Even though it is a member of the European Union, the prospect of arranging removals to the Czech Republic may seem overwhelming at first. So it is important to choose a company that you can depend on for timely, trouble-free house moves. Fortunately, Greens Removals are highly experienced in their field have four decades of successful removals within the UK and to many European and world wide destinations, including domestic and commercial moves to the Czech Republic.
People decide to move abroad for a number of reasons, but the two most popular are to take up a new job opportunity and to enjoy a higher standard of living. If you move within Europe you will experience language and cultural differences. So, if you are organising removals to the Czech Republic, you will find it easier to settle if you at least learn some phrases in the language of your host country.
Whatever your reasons for moving house to the Czech Republic, here at Greens Re0movals we put our customers first and we will do all we can to make your move run smoothly. We provide removals to suit your requirements, so whether you require full or part load removals, packing, storage and unpacking, we can arrange this for you. Or, if you prefer to do your own packing, we sell strong boxes, tape and bubble wrap so you can pack your possessions safely and securely.
If you require any information about your home or office move, please contact our friendly team of staff who will be happy to answer questions about your European removals. As we are experienced in removals to Europe and removals to the Czech Republic, we will help you at every step of the way. We also provide assistance in filling in paperwork to ensure that you fully adhere to customs regulations.
Living in the Czech Republic
Moving to a different country is always an exciting time: the Czech Republic offers some great opportunities for expats to enjoy a higher standard of living, immerse themselves in culture, and live in a historic city surrounded by attractive Gothic architecture...and you can enjoy cheap beer prices too!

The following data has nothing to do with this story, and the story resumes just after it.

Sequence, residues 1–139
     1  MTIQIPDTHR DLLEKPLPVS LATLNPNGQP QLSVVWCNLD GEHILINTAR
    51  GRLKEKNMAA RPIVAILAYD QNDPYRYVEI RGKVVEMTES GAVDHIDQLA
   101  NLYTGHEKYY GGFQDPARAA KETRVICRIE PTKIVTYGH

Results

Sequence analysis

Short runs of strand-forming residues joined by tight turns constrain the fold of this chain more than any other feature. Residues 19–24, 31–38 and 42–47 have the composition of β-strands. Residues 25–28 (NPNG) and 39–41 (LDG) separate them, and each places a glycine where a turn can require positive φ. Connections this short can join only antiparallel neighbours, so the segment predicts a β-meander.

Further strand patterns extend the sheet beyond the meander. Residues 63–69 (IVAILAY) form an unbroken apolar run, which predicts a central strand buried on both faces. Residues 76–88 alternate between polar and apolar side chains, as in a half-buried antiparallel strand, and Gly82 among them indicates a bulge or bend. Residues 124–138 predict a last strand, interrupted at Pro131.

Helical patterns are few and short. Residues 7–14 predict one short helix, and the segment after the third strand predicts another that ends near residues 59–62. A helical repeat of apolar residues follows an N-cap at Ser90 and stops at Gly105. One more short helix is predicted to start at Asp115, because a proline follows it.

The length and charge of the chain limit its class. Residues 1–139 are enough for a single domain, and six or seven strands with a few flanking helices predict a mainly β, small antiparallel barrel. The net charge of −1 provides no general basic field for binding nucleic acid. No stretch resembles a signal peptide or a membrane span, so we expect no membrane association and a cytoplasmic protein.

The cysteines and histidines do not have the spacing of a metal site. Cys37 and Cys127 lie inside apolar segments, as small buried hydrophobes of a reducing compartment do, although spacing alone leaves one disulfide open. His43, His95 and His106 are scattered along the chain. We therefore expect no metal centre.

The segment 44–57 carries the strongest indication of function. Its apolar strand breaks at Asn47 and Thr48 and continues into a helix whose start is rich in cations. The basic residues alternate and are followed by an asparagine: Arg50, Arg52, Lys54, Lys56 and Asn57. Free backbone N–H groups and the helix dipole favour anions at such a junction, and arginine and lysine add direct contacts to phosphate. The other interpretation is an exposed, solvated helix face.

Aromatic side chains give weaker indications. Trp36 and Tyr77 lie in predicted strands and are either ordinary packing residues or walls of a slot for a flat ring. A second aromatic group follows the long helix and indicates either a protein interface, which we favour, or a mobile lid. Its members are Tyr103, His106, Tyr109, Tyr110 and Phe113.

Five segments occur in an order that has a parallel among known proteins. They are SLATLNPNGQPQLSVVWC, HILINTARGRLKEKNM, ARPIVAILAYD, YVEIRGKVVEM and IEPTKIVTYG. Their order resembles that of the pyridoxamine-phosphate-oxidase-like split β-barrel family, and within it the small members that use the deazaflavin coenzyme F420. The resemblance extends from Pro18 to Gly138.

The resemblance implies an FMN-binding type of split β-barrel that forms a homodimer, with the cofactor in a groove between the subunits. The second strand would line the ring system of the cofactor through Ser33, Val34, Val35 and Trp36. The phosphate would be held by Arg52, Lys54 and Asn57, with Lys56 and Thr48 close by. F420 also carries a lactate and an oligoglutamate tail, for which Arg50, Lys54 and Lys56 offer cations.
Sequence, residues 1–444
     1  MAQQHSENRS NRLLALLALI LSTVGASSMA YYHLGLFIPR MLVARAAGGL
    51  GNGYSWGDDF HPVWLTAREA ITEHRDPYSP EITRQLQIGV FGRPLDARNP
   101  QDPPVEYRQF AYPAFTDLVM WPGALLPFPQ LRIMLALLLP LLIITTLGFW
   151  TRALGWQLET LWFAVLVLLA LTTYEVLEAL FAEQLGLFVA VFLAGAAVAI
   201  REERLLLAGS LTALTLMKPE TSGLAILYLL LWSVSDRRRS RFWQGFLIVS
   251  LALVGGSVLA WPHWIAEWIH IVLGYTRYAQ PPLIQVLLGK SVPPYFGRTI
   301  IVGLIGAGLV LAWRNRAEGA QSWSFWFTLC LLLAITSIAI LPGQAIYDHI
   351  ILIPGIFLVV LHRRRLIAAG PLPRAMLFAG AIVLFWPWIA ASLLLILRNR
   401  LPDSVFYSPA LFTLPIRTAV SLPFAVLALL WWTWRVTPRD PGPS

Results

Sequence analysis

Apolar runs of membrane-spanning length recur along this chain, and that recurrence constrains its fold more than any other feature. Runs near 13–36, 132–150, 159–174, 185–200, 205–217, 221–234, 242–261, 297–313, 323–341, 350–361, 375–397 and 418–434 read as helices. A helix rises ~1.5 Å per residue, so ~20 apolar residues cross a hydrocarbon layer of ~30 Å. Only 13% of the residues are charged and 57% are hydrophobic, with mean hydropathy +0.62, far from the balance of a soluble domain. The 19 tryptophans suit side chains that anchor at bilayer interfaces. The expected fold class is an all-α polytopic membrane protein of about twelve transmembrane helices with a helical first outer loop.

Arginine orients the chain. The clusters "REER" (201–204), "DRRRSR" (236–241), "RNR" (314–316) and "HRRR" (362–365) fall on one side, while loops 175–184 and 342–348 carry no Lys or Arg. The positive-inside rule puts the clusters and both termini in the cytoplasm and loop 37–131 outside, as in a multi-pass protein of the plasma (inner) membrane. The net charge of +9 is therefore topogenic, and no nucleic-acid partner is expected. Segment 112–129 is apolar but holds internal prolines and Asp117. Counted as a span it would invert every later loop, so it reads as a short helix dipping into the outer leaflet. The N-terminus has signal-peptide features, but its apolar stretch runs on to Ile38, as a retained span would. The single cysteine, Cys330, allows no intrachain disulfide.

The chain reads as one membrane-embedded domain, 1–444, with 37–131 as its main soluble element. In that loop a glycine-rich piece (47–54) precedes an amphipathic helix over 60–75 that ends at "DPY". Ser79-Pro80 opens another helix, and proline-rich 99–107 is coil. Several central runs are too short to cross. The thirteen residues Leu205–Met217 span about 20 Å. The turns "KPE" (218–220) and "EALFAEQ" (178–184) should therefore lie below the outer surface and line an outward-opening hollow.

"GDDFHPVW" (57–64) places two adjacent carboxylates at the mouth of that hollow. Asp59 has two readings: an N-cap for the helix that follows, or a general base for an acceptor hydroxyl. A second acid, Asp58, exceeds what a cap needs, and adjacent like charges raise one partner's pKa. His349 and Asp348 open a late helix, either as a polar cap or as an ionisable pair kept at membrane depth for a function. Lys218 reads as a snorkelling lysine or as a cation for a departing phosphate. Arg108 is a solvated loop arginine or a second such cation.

If you are moving to the Czech Republic, the good news is that you will find an established expat community here. While most expats settle in the capital, Prague, which has a population of 1.5 million, you will also find expats in other cities too, including Brno, which is the second largest city with a population of 400,000.
Many expats take up teaching posts, work in banks or in the technology and communication industry, while some gain jobs thorough inter-post transfers (if they are working for an international company with a branch in the Czech Republic). The currency is still the Czech Koruna as the country hasn't adopted the Euro yet, although this is expected to come about in 2019.
Once you have organised your removals to the Czech Republic, and have settled in your new home, you will have plenty of chance to explore your surroundings and go sight-seeing. There are many wonderful places to visit, including Prague Castle, which is a prime tourist destination, and the Zoo, which is known as one of the world's best. But there are also other fantastic sights outside of the capital, such as the picturesque Cesky Krumlov, where you can tour the castle and grounds and climb the tower for unspoiled views. Others include Telc, which is a world heritage site, and the wonderful spa town of Karlovy Vary has attracted visitors for generations.
Weather in the Czech Republic
If you are moving to the Czech Republic, you can expect warm summers and cold, snowy winters. It is advisable to wrap up warm in winter as temperatures can get as low as -5C, although temperatures vary depending on altitude. In summer you can expect averages to hover at a comfortable 23C in June, July and August.
Religion in the Czech Republic
The Czech Republic is seen as one of the least religious countries in the world as only a limited percentage of the population actively follow a religion. Only one in ten consider themselves Roman Catholic and less than 1 per cent as Protestant. However, about 60 per cent believe either that there is a God, or some other form of spirit or life force.
Business Etiquette in the Czech Republic
You will find the Czechs very reserved when you first move to the country. And, in business relationships, it is important to remember that Czechs rarely refer to each other on first name terms outside their own family or friendship circle. So, when you meet someone for the first time, don't refer to them by their first name, unless they do so – it is always best to follow the other person's lead on this as it could cause offence.
Don't turn up unannounced to any meeting as it is expected that you should make an appointment in advance. If you are arranging an important meeting, avoid scheduling it for a Friday afternoon as this is when many business people head to their country cottages for the weekend. But whatever the time or date of your meeting, it is important to turn up on time as punctuality is vital.
Do greet people at meetings with a handshake and always make eye contact. It is considered rude to remove your jacket before the highest ranking Czech does so - again wait and follow their lead or this could cause some embarrassment. Make sure you are well prepared in advance of any meeting and that you have all the facts and figures to hand so you can answer any questions.